Different species of plants possess different requirements for germination. The ones most people are familiar with are the easy to grow ones… marigolds, beans, etc . Usually, annuals are the easiest: sow at the proper depth, provide consistent dampness and warmth and viola! You might have seedlings. Annuals live one year plus die. They usually profusely seed plus their goal is to quickly germinate when conditions are right simply because they only have one shot at duplication. They need to germinate quickly, grow quickly, and reproduce quickly (flower). These types of seeds contain very little if any kind of germination inhibitor. The most important criteria with regard to planting this kind of seed is getting the planting depth correct. Some seeds need light to germinate. Their own seeds should be sown on the surface and not covered with soil. Sowing depth is information provided on the seeds packet. If not, the general rule is not to cover seeds more than 3 times their own diameter. For really tiny seeds, just press into the soil plus water gently.
Stratification Then, there are the seeds which require particular treatment. Many perennials and biennials need certain conditions in order to germinate. These are adaptations to continue its varieties in the climate it lives in. Perennials and biennials, which come from cold climates, often need the unique treatment called stratification to overcome seed dormancy. I find perennials often have, within one batch of seed, various amounts of dormancy.
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This really is so only a few may germinate right away and the rest become part of the seed bank in the soil to provide baby plants in the future. An insurance policy of sorts against something happening to the stand associated with plants. This isn’t a very handy technique to deal with if you want to grow a lot of plant life from the seeds. Often perennial seed needs stratification to either result in germination to happen or it unifies and improves germination. The easiest way in order to stratify seeds is to sow them in the fall in the place they are to grow. Let nature take care of it. Another way, is to sow the seed within a container that can be covered with plastic material and put in the fridge or simpler still, the seed is put in a plastic bag with moist peat or sand and a touch of cinnamon to inhibit mold growth and this is put into the fridge for the required time. Occasionally, it’s only a week, sometimes it’s a few months, sometimes they need to stay in the particular fridge until they germinate. In most cases, you may need to freeze the seed for the certain length of time.
Sometimes seeds only have a partially developed embryo so they need a period of warmth, then chilly, then warm again. The length of time differs by species that have this type of dormancy.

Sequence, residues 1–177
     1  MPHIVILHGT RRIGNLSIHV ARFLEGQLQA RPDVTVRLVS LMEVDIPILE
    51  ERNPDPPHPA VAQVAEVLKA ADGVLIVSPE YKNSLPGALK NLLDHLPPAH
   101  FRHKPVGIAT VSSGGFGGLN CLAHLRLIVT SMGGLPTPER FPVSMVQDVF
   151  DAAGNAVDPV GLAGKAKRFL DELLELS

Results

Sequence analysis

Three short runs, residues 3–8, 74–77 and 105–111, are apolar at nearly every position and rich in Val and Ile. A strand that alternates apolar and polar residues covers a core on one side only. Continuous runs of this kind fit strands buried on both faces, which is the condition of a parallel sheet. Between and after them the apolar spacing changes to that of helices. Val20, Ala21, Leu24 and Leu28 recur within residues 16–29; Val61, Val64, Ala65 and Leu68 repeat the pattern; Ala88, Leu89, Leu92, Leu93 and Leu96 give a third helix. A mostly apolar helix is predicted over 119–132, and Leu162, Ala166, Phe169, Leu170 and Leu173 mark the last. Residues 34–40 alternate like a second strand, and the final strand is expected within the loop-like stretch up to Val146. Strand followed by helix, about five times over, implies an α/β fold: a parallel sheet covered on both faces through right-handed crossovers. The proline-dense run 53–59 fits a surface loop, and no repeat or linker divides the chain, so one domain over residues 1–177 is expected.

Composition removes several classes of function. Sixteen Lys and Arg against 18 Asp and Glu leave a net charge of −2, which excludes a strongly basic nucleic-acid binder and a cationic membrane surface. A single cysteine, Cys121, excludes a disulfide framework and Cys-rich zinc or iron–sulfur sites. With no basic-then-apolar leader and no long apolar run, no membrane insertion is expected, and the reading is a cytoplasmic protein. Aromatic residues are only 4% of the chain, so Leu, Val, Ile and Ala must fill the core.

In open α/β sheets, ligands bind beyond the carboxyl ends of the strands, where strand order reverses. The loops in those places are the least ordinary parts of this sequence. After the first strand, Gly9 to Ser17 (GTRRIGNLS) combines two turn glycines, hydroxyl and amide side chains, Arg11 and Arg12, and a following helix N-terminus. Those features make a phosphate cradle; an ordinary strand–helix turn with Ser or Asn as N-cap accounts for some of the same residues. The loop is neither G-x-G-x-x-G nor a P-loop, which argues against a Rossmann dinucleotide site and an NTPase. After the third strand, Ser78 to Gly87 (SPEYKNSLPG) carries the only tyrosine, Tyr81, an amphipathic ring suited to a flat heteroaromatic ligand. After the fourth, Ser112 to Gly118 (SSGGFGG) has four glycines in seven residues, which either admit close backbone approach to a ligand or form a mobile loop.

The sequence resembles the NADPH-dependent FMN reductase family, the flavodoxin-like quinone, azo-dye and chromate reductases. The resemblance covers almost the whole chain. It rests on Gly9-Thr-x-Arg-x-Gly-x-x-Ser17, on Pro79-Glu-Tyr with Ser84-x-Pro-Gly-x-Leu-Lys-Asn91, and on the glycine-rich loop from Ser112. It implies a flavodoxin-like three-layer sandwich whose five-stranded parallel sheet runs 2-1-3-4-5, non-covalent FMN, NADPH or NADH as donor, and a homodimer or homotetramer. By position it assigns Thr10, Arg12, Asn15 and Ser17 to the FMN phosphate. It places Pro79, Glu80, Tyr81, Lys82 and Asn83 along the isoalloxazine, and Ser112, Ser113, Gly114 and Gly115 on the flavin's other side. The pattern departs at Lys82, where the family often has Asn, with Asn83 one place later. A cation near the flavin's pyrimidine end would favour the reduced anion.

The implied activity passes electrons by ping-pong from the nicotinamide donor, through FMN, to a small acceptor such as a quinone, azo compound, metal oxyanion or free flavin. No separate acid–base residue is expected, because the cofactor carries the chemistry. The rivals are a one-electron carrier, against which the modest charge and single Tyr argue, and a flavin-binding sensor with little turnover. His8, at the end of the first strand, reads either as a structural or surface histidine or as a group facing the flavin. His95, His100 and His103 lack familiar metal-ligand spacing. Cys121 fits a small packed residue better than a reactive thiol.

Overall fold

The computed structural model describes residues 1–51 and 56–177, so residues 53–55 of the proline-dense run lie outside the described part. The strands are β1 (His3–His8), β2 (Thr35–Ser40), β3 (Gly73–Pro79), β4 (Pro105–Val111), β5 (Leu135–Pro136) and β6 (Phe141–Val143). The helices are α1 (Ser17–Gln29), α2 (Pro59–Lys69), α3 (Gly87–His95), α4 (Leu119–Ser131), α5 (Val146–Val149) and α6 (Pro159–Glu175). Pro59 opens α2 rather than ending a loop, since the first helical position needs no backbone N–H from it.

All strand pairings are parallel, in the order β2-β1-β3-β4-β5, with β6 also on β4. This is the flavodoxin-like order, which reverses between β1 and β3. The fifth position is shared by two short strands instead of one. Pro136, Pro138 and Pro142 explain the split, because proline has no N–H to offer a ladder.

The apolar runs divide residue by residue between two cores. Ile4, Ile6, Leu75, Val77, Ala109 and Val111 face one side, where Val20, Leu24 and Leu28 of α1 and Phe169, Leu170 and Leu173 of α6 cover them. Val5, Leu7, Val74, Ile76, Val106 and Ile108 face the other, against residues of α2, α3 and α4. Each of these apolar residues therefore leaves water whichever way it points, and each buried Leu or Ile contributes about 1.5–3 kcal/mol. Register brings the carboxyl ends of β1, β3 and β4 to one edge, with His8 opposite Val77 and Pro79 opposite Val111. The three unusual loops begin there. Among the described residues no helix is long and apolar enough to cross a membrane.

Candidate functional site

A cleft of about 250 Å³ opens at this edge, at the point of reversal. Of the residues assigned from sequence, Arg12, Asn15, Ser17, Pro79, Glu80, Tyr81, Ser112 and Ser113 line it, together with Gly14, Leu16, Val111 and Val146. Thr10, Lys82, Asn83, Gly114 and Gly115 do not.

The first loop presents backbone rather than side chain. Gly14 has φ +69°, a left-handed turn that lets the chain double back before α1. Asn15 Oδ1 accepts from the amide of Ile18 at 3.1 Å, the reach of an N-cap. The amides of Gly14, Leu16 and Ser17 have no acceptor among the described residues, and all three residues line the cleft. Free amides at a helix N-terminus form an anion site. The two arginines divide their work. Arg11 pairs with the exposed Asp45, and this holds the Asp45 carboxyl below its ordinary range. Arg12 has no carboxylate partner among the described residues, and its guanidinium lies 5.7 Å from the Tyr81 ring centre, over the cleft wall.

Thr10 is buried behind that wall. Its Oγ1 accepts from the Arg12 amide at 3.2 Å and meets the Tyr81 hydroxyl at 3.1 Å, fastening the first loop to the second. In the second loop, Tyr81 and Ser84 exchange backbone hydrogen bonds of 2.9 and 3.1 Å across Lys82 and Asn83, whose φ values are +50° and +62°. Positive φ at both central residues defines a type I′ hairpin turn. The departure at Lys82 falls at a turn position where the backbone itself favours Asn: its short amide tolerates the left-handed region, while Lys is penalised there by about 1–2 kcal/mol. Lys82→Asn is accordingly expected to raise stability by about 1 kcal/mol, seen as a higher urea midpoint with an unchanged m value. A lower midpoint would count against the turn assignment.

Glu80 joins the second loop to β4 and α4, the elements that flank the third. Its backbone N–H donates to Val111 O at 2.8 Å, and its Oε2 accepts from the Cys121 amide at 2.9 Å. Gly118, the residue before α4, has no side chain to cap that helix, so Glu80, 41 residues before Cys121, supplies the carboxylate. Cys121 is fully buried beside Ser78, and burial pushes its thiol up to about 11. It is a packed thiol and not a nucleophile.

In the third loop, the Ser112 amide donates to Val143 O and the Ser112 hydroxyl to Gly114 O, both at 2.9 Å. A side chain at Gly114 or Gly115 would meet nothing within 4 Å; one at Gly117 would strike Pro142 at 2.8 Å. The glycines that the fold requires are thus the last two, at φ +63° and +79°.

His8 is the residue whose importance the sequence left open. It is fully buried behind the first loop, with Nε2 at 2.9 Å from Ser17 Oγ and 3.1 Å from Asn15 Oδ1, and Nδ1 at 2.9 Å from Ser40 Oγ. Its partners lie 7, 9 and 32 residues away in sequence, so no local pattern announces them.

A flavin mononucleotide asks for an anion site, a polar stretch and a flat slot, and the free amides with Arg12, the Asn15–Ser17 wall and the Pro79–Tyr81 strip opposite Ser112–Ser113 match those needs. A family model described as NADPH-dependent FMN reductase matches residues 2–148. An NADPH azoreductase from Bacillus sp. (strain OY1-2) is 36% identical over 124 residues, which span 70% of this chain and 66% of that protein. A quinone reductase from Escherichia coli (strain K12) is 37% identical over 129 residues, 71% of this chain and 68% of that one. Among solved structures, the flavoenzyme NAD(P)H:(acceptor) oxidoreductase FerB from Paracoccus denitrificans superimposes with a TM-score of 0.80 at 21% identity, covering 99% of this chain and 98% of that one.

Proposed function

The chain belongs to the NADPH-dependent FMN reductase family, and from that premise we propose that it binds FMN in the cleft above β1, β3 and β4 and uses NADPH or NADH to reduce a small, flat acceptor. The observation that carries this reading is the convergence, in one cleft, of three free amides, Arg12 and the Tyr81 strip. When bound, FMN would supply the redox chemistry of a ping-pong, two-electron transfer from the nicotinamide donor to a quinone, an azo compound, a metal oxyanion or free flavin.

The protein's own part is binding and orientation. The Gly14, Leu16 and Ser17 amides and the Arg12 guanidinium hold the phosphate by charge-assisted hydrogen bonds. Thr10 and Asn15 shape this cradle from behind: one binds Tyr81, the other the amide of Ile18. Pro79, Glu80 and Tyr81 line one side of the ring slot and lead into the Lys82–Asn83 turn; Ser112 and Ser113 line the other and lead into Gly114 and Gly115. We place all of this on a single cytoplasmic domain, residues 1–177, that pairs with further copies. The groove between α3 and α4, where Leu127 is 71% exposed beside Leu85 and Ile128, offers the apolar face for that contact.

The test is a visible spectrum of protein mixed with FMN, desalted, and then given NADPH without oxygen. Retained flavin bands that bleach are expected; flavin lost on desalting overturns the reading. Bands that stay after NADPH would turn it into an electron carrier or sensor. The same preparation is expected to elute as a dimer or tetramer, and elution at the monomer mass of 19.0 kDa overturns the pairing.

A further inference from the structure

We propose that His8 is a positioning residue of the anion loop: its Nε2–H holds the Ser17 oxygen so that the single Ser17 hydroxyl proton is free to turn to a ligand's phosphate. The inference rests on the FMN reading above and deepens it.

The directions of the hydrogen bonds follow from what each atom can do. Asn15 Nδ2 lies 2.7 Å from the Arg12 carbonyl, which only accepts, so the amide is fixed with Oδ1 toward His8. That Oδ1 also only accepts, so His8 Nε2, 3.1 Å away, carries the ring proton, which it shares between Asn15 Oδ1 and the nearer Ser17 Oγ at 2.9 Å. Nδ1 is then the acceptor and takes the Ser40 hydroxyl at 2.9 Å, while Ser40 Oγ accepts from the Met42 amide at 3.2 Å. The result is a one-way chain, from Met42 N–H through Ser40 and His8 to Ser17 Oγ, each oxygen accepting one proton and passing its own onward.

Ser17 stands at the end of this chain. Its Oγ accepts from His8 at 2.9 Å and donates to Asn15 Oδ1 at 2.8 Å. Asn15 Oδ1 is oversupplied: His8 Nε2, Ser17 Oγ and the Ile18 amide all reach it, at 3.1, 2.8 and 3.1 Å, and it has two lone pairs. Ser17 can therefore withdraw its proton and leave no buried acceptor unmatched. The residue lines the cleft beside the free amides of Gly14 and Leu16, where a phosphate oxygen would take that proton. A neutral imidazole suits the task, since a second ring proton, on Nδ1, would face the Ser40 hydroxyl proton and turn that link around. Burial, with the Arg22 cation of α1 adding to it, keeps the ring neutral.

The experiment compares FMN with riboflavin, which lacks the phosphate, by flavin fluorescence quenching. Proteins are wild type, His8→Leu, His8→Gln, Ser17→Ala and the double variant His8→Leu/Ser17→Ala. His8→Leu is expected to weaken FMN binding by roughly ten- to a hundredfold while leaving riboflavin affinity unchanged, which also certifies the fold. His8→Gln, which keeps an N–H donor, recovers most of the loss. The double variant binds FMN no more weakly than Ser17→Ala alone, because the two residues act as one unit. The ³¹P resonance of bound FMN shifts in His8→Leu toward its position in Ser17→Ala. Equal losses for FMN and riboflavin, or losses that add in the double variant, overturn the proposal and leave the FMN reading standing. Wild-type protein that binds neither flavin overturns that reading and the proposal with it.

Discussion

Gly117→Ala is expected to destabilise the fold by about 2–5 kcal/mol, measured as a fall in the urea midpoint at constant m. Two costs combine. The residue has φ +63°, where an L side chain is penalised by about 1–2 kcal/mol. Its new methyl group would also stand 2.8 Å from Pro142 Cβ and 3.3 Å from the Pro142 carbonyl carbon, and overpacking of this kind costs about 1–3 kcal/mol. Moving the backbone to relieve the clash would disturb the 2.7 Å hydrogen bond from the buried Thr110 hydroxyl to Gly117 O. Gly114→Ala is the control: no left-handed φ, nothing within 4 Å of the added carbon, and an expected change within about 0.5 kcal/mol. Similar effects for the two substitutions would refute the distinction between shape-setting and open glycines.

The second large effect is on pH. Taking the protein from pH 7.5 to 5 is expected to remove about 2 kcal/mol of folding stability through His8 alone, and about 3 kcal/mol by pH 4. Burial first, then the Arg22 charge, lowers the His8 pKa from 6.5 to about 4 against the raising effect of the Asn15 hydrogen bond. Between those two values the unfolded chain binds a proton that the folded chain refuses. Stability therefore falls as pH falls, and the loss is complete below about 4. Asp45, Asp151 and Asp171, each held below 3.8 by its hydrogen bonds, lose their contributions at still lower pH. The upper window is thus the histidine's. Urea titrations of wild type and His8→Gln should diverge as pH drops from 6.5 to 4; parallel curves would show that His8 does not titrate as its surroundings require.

Soaking. Some seeds require soaking in warm water to induce seeds germination. Many of the legumes need this. Wild sweet peas, lupines, plus locust tree seeds all should be soaked before sowing to improve germination. Plant all that swell. Check every day because they can actually swell too much plus die. Ones that do not get bigger, either are dead or latent. You can try the next method to help improve germination of the latent ones.
Scarification is another seed treatment that is sometimes necessary to get seeds to germinate. Several seeds need to have water impermeable hard seed coats abraded or nicked to allow water to get into the seed to start the germination process. This could be done with a knife, sandpaper, or perhaps a file. Only go into the seed coating until you see light, some shade of white, material. Also, the majority of seeds have an indentation where the embryo is. Do not make this nick close to the indentation because you may damage the embryo and the seed will pass away. I like to scarify on the ends or the opposite side of the indentation. Then the usual procedure is to soak the seed in water. Seeds which come from fruit often need this sort of treatment. There are seeds from fresh fruit which need to pass through a parrot or animal digestive tract. Strong acids in the gut damage the seeds coat. Most people do not have access to strong acids to do this and physical scarification may be the only practical method.
Another method is to soak the seeds in a plant hormone that will induce seed germination. Again, most people don’t have access to this chemical and the subsequent can be used as an alternative.
Natural wood smoke cigarettes has been found to stimulate seed germination. The wood from the seeds’ environment works the best, but some other smoke may be just as valuable. Smoke cigarettes discs can be purchased, liquid smoke flavor, or catching smoke from a fireplace on a damp cloth, are all practical means of obtaining smoke. There are compounds in the smoke which overcome dormancy, as if a fire just passed through their own environment and the landscape needs repopulating with plants.
Some seeds need a combination of all these methods. How is anyone to know what a seed needs to germinate? There is an incredible website put together simply by Tom Clothier (search by that name) that is a huge data base of species and their requirements. Other sources are seed packets, yet I’ve often seen them listing sowing conditions which will not result in germination. It’s best to check another supply.